30.In session 2017-19, a private member’s Bill, the Mental Health Units (Use of Force) Bill, was introduced. It had the support of the DHSC which provided a delegated powers memorandum. We were critical of provision in the Bill which allowed for guidance which was, in effect, mandatory to be issued subject to no parliamentary oversight.14 The Department argued, amongst other things, that the Secretary of State had to consult on the guidance before publishing it. In our report we said that consultation was “an elementary requirement when testing the merits of new policy” and was “an addition to, not a substitute for, parliamentary oversight”.

31.We acknowledge that the DHSC has been under a great deal of pressure as a result of the pandemic. It is disappointing nonetheless that the DHSC has again introduced into Parliament a Bill which, in terms of the delegation of powers, falls so short of the standards which the Committee — and Parliament — are entitled to expect. We have recently published revised guidance to departments and this Bill offends against many of its requirements. The revised guidance sets out the standards against which this Committee will judge bills in future. We therefore urge all ministers and departmental bill teams to pay it close attention, and reiterate the recommendation contained in our recent report Democracy Denied? that it should be set out in full in the Cabinet Office’s Guide to Making Legislation.15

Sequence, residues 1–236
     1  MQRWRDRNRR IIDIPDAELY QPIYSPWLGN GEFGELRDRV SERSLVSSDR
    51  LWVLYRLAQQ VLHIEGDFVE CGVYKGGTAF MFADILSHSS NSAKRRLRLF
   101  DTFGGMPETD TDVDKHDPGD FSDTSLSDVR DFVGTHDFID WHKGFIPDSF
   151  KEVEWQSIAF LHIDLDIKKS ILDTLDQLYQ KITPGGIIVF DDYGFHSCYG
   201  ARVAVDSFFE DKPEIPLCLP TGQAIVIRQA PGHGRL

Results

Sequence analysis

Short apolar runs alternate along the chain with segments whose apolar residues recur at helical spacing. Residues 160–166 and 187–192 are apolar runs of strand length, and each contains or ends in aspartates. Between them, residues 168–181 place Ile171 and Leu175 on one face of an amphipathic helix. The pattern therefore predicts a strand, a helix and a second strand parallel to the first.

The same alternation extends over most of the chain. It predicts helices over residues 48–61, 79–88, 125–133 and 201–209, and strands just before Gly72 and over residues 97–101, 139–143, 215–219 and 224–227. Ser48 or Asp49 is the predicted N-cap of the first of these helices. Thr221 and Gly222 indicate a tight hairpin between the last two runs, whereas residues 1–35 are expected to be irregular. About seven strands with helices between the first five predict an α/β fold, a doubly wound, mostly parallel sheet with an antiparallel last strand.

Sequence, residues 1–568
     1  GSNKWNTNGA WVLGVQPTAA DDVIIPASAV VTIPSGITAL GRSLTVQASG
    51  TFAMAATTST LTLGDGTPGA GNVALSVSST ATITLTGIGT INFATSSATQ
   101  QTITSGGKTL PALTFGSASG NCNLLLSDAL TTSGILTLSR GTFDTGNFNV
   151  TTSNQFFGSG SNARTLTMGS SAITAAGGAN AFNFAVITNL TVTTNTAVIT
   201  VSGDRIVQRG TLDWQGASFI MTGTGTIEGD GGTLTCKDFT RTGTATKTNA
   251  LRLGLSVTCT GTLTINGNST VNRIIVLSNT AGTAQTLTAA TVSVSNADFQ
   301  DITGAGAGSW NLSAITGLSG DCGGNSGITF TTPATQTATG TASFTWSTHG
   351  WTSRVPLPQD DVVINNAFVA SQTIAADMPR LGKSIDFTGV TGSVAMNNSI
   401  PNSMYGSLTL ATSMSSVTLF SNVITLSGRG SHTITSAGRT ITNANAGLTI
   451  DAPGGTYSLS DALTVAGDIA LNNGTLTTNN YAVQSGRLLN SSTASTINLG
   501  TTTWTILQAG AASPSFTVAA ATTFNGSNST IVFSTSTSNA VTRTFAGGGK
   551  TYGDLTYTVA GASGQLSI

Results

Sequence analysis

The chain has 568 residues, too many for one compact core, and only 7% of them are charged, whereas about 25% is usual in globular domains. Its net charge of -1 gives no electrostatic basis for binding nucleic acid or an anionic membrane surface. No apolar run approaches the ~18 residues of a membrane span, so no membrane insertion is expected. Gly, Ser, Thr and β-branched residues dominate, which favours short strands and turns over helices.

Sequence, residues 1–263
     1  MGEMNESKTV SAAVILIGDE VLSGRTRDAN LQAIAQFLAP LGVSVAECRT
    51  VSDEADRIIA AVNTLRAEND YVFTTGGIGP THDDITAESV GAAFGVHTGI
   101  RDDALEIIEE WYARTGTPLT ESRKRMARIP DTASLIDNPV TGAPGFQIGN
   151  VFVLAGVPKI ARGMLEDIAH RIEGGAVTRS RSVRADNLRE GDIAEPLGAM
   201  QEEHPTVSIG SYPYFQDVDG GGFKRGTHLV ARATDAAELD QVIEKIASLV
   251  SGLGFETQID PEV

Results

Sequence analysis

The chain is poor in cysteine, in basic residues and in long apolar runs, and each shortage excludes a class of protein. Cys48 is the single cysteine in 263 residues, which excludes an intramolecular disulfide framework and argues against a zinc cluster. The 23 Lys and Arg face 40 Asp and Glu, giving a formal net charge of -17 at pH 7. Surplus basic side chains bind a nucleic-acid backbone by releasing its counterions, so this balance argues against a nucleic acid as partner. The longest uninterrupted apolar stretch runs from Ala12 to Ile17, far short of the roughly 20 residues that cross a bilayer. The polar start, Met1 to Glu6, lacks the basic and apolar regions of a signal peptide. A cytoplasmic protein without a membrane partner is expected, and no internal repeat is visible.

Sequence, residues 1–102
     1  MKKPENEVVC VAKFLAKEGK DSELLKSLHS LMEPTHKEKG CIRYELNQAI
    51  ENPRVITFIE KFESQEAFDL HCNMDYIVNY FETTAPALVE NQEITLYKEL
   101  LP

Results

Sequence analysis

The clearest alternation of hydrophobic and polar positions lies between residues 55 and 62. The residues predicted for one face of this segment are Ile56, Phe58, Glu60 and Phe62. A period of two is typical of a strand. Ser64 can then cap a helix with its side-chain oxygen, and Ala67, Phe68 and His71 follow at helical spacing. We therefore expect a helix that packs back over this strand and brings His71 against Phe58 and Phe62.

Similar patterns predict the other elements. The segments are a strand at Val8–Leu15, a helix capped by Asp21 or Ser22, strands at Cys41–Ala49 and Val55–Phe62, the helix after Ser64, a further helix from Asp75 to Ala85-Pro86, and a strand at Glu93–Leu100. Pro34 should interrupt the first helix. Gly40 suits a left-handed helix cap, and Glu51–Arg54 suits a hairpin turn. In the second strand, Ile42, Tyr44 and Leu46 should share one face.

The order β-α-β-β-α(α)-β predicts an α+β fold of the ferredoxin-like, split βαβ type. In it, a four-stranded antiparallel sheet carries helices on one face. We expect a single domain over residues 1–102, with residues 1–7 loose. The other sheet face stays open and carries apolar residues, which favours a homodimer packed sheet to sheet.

Cigarette Stick Health Warnings Bill [HL]

32.This Bill requires tobacco manufacturers to print health warnings on individual cigarette sticks and cigarette rolling papers.

33.Clause 2 reads:

“(1) A producer of a tobacco product for smoking (other than an importer) must select the warning used for the purposes of this Act—

(a) from the set of warnings which is specified in the Schedule for the production year during which the pack is produced; and

(b) so that each of the warnings appears on a specified proportion of the total number of packs under each brand name produced by that producer within that production year.

(2) The Secretary of State may by regulations made by statutory instrument specify the proportion mentioned in subsection (1)(b).”

34.Breach of clause 2 is a criminal offence carrying a sentence of up to two years’ imprisonment.